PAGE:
On Friday, Nov. 1, 2013, Madison, Wis. Alder Scott Resnick submitted a capital budget amendment that would funnel $150,000 into establishing Internet access in a yet-to-be-determined low-income neighborhood within the city. The plan was supported by several members of the Madison Common Council as well as Mayor Paul Soglin.

“We need to provide students with the educational tools to succeed in today’s economy,” said Resnick. “Relying on schools, libraries and community centers is no longer enough. Our community should not be satisfied that young people must rely on places like McDonald’s to check email and do classroom homework.”

Resnick noted that Internet access is an essential tool in a world that is increasingly connected through digital means. He also stressed the critical importance of bridging the digital divide and providing consistent Internet access to young people in Madison’s poorer neighborhoods.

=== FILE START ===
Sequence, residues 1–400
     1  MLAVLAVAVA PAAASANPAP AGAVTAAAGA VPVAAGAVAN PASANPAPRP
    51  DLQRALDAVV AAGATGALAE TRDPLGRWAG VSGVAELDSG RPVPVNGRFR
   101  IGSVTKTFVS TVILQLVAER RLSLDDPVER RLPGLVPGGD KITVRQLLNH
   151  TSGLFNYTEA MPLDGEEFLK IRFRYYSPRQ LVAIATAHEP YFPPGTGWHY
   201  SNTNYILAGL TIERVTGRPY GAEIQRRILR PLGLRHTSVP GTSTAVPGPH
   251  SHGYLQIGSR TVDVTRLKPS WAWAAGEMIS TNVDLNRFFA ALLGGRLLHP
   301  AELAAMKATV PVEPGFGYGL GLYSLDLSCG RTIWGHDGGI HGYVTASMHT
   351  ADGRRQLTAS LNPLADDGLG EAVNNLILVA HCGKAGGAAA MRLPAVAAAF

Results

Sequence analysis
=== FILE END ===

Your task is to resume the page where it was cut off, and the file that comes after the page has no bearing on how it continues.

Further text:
The Pew Foundation recently found that 88 percent of households earning $75,000 or more have a high-speed Internet connection at home, compared to just 54 percent of households earning less than $30,000. According to a press release, leaders in Madison recognize that this gap represents an enormous handicap, especially as it becomes progressively more important to be digitally adept in today’s workplace.

“Citizen access to the Internet has become a critical component of job hunting; educational needs; transacting household business; utilizing library resources; and communicating with family, neighbors and government,” said Paul Kronberger, Madison CIO. “We need to level the playing field."

IT staff with the city will work with nonprofit leaders in the community as well as a newly formed Digital Technology Committee to begin implementation of the program. A project plan is expected by early summer 2014.